The Britton Digital Update—Week of February 29, 2016

Five minutes to get you up to speed on this week’s digital, business, social media, entertainment, and marketing news

I get to read and consume a lot of cool stuff every day. Content aggregation is part of what I do, and sometimes I see things that are awesome. Sometimes I see things that are just terrible, horrible, no good, and very bad.

This week I saw this awesome pen. It’s the Scribble Pen. A pen that allows you to write and color in any color that you want. Any color. All you have to do is to scan the colors. Or connect it to your smart device and save your color for future use. It is now on sale for $249.

Note of caution: The Scribble Pen has launched two failed crowdfunding projects. They didn’t fail in the sense that they couldn’t fund the projects, but they failed in the sense of how this technology and user experience matched the expectations.

Anyway, here are the things we read about this week so you don’t have to.

Facebook Live All Up In Your News Feed

Here's further evidence needed that it’s a video-content world and we’re only living in it: Mark Zuckerberg came out and said that video is the (only) future of Facebook/the Internet/content. Facebook also declared that it will show preference for live video streams in our news feeds. Take that Periscope, Meerkat, YouTube, and Blab (and others).

Go figure that Facebook would show preference to its own product, huh?

Oh, the Irony!

Do you use ad blockers when browsing? You know, the newest craze for a noninterruptive and (somewhat) private online browsing experience. Well, maybe this experience isn’t so private and nonintrusive. Maybe this ad-blocking thing is a sham?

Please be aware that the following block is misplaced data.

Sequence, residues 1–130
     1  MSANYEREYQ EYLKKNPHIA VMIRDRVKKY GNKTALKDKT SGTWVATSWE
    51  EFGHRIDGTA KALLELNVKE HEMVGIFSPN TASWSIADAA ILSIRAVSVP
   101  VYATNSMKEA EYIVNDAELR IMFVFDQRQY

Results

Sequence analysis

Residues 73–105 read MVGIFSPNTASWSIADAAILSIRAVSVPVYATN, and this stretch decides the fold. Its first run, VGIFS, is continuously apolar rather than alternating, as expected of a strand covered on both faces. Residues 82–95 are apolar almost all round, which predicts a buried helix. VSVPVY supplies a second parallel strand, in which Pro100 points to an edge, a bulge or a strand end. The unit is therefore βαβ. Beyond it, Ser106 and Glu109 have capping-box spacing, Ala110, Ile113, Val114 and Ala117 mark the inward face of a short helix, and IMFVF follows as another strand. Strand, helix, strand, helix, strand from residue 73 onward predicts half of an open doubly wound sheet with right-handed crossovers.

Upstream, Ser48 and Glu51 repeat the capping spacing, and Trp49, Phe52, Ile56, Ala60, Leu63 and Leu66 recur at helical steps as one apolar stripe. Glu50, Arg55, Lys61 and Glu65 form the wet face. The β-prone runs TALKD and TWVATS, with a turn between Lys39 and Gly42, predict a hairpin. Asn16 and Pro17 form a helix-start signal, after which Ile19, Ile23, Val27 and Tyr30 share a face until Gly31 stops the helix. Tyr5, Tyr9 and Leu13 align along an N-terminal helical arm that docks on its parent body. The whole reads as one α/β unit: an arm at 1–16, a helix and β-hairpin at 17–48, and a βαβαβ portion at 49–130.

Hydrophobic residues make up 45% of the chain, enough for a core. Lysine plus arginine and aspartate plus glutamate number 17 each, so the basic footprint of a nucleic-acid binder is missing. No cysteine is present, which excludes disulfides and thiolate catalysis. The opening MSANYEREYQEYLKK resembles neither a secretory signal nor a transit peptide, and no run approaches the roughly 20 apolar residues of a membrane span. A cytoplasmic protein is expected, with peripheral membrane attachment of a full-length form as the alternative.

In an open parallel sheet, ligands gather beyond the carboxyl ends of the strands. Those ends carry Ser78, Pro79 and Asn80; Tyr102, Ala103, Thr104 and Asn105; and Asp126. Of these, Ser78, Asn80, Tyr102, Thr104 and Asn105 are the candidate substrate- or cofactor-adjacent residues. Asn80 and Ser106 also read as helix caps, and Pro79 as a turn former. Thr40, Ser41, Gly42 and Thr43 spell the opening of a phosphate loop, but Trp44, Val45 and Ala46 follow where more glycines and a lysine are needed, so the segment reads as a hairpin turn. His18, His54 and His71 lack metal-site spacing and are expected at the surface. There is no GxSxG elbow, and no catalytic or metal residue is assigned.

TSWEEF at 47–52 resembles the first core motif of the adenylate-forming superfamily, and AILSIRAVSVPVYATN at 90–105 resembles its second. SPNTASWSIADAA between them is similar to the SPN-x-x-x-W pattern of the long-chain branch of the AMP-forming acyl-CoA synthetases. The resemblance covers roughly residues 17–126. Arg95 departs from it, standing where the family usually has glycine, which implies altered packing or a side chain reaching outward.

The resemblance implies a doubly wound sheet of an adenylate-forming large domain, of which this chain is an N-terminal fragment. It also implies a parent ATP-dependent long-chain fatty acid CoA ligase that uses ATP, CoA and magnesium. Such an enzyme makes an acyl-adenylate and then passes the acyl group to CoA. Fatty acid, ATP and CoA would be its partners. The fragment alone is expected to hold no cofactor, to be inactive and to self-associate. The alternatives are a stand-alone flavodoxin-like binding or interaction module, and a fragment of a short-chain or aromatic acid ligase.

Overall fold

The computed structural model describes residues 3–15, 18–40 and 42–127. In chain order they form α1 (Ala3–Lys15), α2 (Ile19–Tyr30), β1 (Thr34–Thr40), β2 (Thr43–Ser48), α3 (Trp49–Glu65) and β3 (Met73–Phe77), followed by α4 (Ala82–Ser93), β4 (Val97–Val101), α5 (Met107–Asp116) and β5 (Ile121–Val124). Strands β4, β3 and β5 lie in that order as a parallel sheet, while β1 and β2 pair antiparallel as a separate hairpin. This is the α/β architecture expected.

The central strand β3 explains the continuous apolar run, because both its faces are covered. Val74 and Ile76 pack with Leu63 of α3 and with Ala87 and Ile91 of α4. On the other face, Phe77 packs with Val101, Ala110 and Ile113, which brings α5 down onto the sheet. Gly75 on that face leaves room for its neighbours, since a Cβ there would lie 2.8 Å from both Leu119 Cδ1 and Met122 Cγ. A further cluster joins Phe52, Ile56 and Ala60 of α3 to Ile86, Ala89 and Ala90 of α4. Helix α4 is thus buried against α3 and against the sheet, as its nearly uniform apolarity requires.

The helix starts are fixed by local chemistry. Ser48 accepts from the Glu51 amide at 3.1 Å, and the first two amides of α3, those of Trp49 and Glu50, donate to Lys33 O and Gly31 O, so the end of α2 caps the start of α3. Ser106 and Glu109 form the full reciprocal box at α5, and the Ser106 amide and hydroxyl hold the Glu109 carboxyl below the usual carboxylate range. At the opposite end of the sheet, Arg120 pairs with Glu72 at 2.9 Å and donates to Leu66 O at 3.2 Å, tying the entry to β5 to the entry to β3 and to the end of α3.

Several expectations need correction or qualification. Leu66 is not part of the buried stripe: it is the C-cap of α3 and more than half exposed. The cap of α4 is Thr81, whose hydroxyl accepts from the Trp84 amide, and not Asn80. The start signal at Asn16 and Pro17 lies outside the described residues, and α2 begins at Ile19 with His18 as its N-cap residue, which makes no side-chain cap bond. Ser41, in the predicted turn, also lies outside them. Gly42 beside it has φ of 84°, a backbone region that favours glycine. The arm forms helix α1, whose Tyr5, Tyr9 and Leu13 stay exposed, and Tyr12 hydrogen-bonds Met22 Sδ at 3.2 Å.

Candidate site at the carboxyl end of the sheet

In a story on Wired this week, the ad-blocker debate was exposed and expounded upon. For instance, did you know these things about the ad-blocking “industry”?

  • Some ad blockers charge advertisers to get “whitelisted.”
  • Some ad blockers are freemium; some have paid models.
  • Some ad blockers block ads while tracking your data
  • Some ad blockers block some ads; some block all ads and trackers

The story is a pretty interesting read about something that is new and that people, brands, and publishers have no idea what to do about—other than create quality content that isn’t flagged as spammy spam spam.

Snapchat, Not Just for Young Teens and Sexting

In case you’re not familiar with Snapchat, you should know that this app is a major contender in the social media sphere. It might have gotten a slow start thanks to a bad rap, but the app has transformed into a powerhouse in content, and it doesn’t hurt that the main users are from the coveted 18–24 demographic (and the older millennials).

In fact, Snapchat is such a powerhouse that the platform almost matches Facebook for daily video views, a network with a much more substantial user base. How many daily video views do you ask? Try 8 billion. That’s a lot of video.

AT&T Wants to Compete with Hulu, Netflix, Et Al.

In the rapidly changing and competitive landscape of so-called over-the-top (OTT) services, AT&T is making an entry. Although there aren’t many details right now, what is known is that the company wants to “invest in advertising and subscription VOD channels as well as streaming services.”

Sounds vague. Sounds interesting. This is really only news because of the partnership that AT&T is entering in with the Chernin Group—a company that is known for its publishing content prowess with platforms and that has investments in Crunchyroll, Flipboard, Tumblr, and SoundCloud.

Oh, and the $500 million investment for the development of the service helps validate it as well—I guess.

For the rest of the news this past week, here’s a compilation of the best news stories that we don’t have time to expound upon, but you should probably take notice of:

If you liked this, check out our previous Digital Update posts or the Digital Update on Flipboard.

Written to the new Spotify playlist feature Fresh Finds: Fire Emoji.

Photos: BMDG

Niclas Hulting

Niclas Hulting

Director of online content strategy who enjoys the strategic part and feels content about the other. Loves to read fantasy and industry books. Writes about social media and content strategy most of the time.

Meet Niclas Hulting